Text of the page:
Two State Senators, Stanley Chang and Karl Rhoads have introduced a Constitutional Amendment lowering the voting age (for non-federal) races, to 16.
In an article, published in Civil Beat, Senator Rhoads says, “the idea is to get people in the habit young, and they’ll keep doing it.” A noble intent.
As a wide field of entrenched politicians continues to obstruct substantive changes in the face a wide range of mounting problems, I’ve seen growing effort to increase participation in elections. In most cases, those efforts manifest through voter registration drives and Get Out The Vote (GOTV) campaigns.
An extension of those efforts might be to decrease the voting age to 16. However, low voter participation in Hawaii, is only part of what I see as a more complex problem. So, should 16-year-olds be allowed to vote? There are opinions on both sides of the debate and I find myself straddling the divide.
Young People Should Have A Say In Their Future
There are certainly good reasons why someone who is 16 should be allowed to vote. In Hawaii, 16 is the age of consent for sex. It’s the age someone can get a learners’ permit to drive a car. Certainly, there are 16 year-olds who are working, who are paying taxes. And the world is on the brink of environmental collapse. Shouldn’t the generation inheriting a world on fire have a say in how we address the problem?
Young people are still required to register for the military draft (18-25). They may be forced to fight (and potentially die) in a war by politicians elected earlier. So, shouldn’t they have a say? And someone can join the military at 17, with parental consent.
I’ve met extremely intelligent, hopeful, engaged and thoughtful teenagers who are well versed in certain policy issues. I’ve seen them campaign for candidates and issues. And I’ve watched and listened as some have spoken passionately and thoughtfully. On matters ranging from gun control to universal health care, to the threat of climate change. Looking at these bright and young future leaders, the answer seems obvious to me; yes, let them vote! The world could only be better for it.
We Shouldn’t Discount Age and Experience
On the other side, someone who is 16 is simply too young to be granted such responsibility. It has been pointed out by some that 18 is the minimum age for “maturity.” The frontal lobe of the brain isn’t fully developed at 16 (though there exists research which says the brain isn’t developed at 18 either). With that immaturity may come a level of inexperience or unfamiliarity with the world. A lack of nuanced understanding of the issues affecting the world today. Or the critical thinking skills necessary to make decisions about candidates or issues.
Maybe its because I’m getting older myself, but I often find myself wondering about young people. About the things that motivate and animate them. Should a generation of people spending countless hours wandering the streets chasing imaginary creatures for sport really be considered mature enough to make decisions that affect everyone?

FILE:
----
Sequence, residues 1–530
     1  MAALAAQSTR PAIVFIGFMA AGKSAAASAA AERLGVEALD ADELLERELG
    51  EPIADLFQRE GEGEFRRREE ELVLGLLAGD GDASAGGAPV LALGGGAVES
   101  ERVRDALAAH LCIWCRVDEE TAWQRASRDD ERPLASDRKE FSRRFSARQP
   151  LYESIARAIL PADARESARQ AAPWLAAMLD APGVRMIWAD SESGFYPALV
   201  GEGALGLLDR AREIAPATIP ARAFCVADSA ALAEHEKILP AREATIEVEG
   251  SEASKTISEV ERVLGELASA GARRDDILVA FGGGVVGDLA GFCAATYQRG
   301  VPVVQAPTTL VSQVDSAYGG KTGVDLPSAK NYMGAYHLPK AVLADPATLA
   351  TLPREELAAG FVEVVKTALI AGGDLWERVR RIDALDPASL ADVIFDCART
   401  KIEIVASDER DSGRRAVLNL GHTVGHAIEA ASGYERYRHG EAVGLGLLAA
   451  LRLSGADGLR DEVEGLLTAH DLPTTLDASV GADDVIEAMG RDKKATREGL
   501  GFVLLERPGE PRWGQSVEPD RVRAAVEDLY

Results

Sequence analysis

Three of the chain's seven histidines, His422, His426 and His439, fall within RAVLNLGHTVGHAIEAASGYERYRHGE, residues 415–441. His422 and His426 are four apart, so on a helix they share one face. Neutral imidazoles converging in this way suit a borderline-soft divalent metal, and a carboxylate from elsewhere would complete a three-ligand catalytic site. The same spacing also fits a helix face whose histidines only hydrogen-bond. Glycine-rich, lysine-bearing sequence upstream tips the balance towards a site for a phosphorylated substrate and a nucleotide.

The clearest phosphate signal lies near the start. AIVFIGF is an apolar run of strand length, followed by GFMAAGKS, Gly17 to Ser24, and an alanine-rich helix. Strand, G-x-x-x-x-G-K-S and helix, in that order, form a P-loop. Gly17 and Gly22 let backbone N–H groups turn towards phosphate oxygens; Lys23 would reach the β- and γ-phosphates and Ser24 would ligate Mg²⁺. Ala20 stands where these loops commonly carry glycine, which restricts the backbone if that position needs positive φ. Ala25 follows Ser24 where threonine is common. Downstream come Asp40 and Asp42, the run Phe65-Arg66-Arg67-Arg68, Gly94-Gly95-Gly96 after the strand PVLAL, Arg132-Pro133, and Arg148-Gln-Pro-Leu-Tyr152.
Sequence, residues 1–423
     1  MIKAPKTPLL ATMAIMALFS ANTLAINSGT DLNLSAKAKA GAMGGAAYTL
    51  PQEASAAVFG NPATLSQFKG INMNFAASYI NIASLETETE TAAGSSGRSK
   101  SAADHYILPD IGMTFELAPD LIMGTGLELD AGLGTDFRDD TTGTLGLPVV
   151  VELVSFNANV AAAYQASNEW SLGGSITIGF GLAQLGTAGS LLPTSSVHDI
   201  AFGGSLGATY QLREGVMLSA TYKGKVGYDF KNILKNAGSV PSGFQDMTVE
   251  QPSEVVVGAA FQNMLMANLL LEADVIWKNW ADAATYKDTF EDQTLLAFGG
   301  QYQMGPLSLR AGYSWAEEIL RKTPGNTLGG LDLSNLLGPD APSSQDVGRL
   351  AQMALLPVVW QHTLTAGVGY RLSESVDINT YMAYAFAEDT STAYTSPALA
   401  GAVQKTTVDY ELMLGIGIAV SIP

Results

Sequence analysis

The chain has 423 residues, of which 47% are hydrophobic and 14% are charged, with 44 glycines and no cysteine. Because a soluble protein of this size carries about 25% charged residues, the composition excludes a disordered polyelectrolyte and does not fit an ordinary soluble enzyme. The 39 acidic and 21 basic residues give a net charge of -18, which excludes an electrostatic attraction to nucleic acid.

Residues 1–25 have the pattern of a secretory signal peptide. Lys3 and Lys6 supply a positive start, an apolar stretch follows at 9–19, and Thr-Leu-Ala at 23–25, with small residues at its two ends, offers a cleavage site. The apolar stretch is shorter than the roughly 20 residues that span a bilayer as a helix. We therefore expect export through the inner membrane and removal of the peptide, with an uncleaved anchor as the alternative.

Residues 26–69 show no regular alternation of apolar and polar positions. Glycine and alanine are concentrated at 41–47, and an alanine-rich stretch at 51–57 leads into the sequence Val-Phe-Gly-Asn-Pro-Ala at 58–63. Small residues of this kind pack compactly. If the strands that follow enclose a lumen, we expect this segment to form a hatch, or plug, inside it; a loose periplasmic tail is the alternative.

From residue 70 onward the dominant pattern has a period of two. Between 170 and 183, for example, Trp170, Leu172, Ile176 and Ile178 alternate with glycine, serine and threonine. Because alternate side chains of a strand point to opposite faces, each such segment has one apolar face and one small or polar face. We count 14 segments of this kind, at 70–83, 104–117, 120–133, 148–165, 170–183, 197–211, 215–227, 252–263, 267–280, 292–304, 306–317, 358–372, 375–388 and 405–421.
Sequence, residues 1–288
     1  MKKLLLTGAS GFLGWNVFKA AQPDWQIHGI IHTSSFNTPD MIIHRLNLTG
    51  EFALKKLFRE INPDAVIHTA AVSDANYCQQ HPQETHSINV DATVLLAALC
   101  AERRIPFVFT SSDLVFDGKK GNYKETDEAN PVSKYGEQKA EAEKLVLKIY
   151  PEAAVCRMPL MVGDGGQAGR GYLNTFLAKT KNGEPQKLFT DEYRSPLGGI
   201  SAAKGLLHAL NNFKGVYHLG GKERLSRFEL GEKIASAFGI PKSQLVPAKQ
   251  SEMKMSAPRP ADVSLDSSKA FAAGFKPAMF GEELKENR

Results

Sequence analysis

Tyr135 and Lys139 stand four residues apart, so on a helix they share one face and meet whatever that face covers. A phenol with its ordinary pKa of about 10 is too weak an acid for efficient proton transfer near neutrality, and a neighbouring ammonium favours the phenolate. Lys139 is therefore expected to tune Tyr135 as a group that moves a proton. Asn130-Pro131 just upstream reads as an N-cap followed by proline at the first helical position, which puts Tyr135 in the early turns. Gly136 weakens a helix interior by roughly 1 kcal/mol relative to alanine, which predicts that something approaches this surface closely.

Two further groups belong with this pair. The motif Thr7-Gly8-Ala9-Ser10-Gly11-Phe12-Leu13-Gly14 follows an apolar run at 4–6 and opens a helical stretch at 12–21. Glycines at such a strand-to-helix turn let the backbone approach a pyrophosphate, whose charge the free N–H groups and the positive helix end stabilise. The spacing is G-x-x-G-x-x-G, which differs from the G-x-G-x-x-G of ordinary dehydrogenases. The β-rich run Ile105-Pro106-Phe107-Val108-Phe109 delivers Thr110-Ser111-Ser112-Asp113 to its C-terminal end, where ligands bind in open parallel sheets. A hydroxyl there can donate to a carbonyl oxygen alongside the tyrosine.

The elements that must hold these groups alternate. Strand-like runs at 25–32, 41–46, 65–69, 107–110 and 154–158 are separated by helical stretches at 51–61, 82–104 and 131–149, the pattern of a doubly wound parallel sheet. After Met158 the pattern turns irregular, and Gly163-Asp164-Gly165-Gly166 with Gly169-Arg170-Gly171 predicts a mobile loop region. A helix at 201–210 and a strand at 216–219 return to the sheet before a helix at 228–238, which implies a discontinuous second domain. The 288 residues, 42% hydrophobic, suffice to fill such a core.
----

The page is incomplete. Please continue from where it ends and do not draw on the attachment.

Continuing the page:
Though voter turnout for the youngest voting bracket (18-29) saw a significant increase from the 2014 to 2018 midterm elections. It remained low when compared with the 2016 elections (think Bernie Sanders). These increases are promising, but prove to me a relative lack of maturity in voting. Sanders is a charismatic candidate who did indeed energize young people. But in the absence of a mobilizing figure, young voters largely remain disengaged.
I believe strong critical thinking skills are necessary to make informed decisions in the voting booth. With little life experience and a base knowledge primarily reliant on what their teachers are saying, I’m not sure a 16-year-old is properly equipped with knowledge or experience enough to enter a voting booth.
Finally, there is a reason for some concern with 16 year-olds being too influenced by their parents. Or worse, that those receiving ballots at home (Hawaii is contemplating all-mail elections), kids would be forced to vote the way their parents want.
No Easy Answer
Ultimately, every argument against lowing the voting age in Hawaii can be negated by looking at the way seasoned voters make their decisions. Certainly, there are adults who I’d say lack experience, knowledge, or the ability to think critically. So if that’s true for someone who is 18 and can vote, why not let younger people vote as well?
Fears about parents forcing their kids to vote a certain way already exist for kupuna whose ballots are filled out by their caregiving children. But obviously, no one is suggesting senior citizens shouldn’t be allowed to vote.
These are points well taken. I’m just not sure pointing to a moron 40-something’s right to vote is justification for allowing moron kids to vote.
I believe strongly that the problems facing our democracy are deeply structural. With a failing education system and a voyeuristic (and biased) 24-hour news media interested primarily in ratings and entertainment, voters young and old are arguably ill-equipped to make important decisions in the voting booth.
Increasing voter participation is a noble goal and worth supporting. But in the end, my greatest concern is making sure we are giving people the cognitive tools to make informed and thoughtful decisions. Until we tackle this problem, I’m not sure I’m comfortable expanding the voting pool.
I’m sure this debate will continue and friends on both sides of the issue will remain emphatic about why they’re right. I look forward to being convinced one way or another; it just hasn’t happened yet.